Monday 22 January 2018

'I used to hate the sound of babies crying because I never heard my baby cry' - Grieving parents say lives ruined by botched delivery

Catherina and Stephen McGarry
Catherina and Stephen McGarry
Jennifer Anna McGarry and mum Catherina. Picture courtesy of family

Louise Roseingrave

A mother who lost her baby following a mismanaged delivery has spoken of her heartbreak following a 25 year ordeal.

Baby Jennifer Anna McGarry from Kills Road in Crumlin, Dublin died on February 14 1992 at 11 weeks old.

“I used to hate the sound of babies crying because I never heard my baby cry,” her mother Catherina McGarry said following the conclusion of an inquest into the infant’s death at Dublin Coroner’s Court.

“Our whole lives changed the day Jennifer Anna died, it felt like part of us died too. After seven miscarriages we were not going to have a family, we were devastated, our world was shattered again,” Mrs McGarry said.

Her "extraordinarily difficult" 21 hour labour "fell through the stools’" of senior clinicians at the Coombe Hospital, the inquest heard.

Consultant Obstetrician and Master of the Coombe at the time of a review of the case in 2012 Professor Chris Fitzpatrick said "alarm bells should have gone off before they did".

The infant died 79 days after an "exceptionally difficult" delivery on November 28, 1991. The cause of death was bronchial pneumonia due to spinal cord injury due to instrumental delivery with the Neville Barnes forceps.

A Cesarean section would have prevented the tragedy, Dublin Coroner’s Court heard.

Jennifer Anna McGarry
Jennifer Anna McGarry

"This case fell between the stools of a number of senior clinicians. It was exceptional in terms of its duration. The unfortunate findings of this case is that ...standing back and looking at it, alarm bells should have gone off before they did," Prof Fitzpatrick said.

Labour was "allowed to go on for an extraordinary amount of time without intervention," Prof Fitzpatrick said. He was not directly involved in the supervision of the labour but spoke to a number of staff members as part of the review.

The Neville Barnes forceps was used in a mid cavity application some 21 hours into labour at a time of extreme maternal exhaustion, the court heard.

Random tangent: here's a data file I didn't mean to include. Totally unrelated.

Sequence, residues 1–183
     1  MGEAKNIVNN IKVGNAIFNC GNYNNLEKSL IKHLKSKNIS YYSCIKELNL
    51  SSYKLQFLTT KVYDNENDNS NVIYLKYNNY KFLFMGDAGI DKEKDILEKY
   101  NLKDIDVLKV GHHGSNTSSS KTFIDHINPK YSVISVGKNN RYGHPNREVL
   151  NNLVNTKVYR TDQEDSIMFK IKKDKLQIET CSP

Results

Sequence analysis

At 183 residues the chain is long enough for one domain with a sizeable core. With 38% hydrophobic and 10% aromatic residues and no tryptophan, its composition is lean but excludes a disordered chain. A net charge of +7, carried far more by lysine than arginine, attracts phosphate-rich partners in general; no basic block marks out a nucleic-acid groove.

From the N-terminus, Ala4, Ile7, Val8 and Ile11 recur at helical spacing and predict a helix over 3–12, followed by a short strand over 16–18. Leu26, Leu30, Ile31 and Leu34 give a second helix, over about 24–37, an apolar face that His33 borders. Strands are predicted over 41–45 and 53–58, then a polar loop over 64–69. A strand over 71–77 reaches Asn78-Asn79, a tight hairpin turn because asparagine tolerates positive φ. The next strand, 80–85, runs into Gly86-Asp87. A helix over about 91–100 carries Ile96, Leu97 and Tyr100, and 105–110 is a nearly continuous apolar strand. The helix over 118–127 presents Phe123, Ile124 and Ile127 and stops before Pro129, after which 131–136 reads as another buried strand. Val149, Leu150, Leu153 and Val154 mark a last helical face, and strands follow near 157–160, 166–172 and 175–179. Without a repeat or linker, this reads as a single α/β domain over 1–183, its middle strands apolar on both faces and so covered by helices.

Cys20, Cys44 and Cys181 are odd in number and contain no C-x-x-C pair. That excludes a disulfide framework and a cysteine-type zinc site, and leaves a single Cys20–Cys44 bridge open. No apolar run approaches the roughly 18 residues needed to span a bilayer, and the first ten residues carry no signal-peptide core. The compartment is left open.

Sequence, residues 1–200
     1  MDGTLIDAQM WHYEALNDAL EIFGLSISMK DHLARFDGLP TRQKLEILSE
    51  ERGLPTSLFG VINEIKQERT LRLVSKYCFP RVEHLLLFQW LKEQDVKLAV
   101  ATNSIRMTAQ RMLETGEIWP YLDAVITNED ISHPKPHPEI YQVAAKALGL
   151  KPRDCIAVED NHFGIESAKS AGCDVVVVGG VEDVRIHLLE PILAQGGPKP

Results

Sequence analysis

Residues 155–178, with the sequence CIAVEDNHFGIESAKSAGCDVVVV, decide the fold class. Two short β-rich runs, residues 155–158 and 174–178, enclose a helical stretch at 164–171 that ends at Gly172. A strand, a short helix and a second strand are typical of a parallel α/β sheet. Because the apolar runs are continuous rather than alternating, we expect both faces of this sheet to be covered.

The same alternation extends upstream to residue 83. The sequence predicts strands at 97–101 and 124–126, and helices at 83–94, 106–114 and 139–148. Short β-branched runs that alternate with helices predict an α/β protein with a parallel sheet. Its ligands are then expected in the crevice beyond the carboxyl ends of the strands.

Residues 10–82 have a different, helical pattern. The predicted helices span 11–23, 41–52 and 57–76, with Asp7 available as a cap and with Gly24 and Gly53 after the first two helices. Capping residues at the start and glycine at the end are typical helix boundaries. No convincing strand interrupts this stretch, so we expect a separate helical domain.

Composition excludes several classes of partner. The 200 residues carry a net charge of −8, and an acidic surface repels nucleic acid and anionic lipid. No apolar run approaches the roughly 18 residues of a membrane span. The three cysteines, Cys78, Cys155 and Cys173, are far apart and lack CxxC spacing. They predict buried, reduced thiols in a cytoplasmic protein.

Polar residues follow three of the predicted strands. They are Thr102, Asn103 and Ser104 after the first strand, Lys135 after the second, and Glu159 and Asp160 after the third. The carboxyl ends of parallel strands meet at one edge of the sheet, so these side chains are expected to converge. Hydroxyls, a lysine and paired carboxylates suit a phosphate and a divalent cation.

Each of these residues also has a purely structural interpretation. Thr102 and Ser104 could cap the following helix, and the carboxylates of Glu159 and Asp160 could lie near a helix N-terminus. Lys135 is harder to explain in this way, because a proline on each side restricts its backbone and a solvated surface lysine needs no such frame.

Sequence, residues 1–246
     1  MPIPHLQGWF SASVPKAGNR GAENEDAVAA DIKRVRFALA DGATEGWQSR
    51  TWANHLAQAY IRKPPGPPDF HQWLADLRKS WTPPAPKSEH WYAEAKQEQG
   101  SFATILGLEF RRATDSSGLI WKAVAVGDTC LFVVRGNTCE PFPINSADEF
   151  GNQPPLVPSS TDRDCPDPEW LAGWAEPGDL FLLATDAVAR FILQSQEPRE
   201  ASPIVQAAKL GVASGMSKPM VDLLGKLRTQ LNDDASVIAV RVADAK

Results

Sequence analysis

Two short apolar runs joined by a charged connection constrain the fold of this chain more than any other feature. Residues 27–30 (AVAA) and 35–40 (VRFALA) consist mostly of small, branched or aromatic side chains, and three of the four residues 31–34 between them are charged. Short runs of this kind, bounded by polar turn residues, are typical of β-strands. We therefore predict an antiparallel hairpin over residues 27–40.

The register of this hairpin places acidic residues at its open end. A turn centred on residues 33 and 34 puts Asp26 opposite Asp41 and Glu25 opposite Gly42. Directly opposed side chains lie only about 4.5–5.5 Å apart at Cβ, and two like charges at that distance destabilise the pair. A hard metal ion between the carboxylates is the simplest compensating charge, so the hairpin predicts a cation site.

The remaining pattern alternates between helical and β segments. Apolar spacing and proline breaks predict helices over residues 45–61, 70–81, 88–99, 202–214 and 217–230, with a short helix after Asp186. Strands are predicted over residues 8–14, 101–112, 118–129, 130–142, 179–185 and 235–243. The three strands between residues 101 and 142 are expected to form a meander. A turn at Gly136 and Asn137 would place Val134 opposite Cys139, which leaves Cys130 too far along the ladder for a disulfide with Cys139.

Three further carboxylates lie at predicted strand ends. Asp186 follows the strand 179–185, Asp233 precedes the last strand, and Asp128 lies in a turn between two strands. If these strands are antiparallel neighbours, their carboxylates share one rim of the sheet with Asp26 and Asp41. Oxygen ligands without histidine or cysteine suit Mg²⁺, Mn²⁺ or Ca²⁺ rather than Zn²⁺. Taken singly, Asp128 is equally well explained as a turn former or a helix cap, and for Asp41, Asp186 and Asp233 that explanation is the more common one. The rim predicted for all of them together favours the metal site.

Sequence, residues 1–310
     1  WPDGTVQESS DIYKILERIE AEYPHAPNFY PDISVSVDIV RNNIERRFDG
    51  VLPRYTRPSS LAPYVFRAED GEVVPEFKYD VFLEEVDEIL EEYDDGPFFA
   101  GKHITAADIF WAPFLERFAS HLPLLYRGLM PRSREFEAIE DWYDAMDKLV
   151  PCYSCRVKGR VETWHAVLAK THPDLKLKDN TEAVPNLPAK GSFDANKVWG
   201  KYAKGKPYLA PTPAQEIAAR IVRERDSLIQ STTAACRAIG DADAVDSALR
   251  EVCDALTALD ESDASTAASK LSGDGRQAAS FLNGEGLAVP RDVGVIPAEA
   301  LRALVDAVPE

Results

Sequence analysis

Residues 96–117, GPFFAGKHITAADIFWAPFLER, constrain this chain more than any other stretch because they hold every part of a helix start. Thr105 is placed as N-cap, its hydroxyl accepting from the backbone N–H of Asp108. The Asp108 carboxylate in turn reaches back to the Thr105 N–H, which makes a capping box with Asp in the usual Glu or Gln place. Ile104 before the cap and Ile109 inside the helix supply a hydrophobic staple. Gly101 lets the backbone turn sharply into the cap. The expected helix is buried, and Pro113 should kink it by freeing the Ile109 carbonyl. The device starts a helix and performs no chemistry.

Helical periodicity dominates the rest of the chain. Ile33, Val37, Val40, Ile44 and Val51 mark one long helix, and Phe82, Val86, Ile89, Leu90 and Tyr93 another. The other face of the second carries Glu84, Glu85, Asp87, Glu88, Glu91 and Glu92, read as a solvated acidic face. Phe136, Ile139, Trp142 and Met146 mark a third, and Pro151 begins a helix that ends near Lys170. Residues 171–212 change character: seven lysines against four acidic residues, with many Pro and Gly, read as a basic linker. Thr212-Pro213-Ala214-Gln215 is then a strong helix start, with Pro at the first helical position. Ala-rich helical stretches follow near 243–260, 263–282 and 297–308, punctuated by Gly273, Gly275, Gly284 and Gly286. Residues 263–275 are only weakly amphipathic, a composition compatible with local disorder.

“I was screaming in pain because of the pulling. I was told to stop screaming and he started pulling again. He wiped his brow and made a comment that he should have done a Cesarean section as this baby is very big. When the baby was eventually delivered I could feel my whole insides being ripped out,” Catherine McGarry said in her deposition.

Jennifer Anna McGarry with parents Stephen and Catherina. Picture Courtesy of Family
Jennifer Anna McGarry with parents Stephen and Catherina. Picture Courtesy of Family

The baby was born with no spontaneous breathing effort and abnormal neurological findings and died on February 14 1992.

 “Part of the problem was an absence of communication at senior level and failure to make decisive clinical decision,” Prof Fitzpatrick said.

The case was reported to the Coroner last September.

Prof Fitzpatrick said he could not explain why the case was not reported to the Coroner at the time but said it should have been.

Representing the McGarry’s, Barrister Dr Ciaran Craven asked what lessons had been learned by the infant's loss. Prof Fitzpatrick replied there was a significant increase in the presence of consultants on the labour ward, a formal ward handover, increased training and direct supervision along with multidisciplinary meetings between care staff.

“It’s poor consolation to Stephen and Catherina but it is important to reassure them that this is the case,” Prof Fitzpatrick said. He apologised to the couple for their loss.

Coroner Dr Myra Cullinane returned a verdict of medical misadventure.

Speaking after the inquest, Mrs McGarry said she was heartbroken at the loss of her beautiful baby.

“No woman should be treated like I was in the Coombe Hospital that night back in November 1991, I can only describe it as a cow-shed birth,” she said.

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